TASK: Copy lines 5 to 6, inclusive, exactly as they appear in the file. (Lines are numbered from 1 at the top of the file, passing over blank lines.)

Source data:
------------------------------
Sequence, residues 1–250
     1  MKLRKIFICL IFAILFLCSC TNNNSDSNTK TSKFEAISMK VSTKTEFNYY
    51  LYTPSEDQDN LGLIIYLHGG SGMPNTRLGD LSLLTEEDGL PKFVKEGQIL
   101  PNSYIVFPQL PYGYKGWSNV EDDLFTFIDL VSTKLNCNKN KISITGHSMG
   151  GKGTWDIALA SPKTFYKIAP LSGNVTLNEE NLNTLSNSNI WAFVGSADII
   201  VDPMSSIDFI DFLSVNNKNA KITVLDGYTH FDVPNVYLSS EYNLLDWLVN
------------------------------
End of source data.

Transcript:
   151  GKGTWDIALA SPKTFYKIAP LSGNVTLNEE NLNTLSNSNI WAFVGSADII
   201  VDPMSSIDFI DFLSVNNKNA KITVLDGYTH FDVPNVYLSS EYNLLDWLVN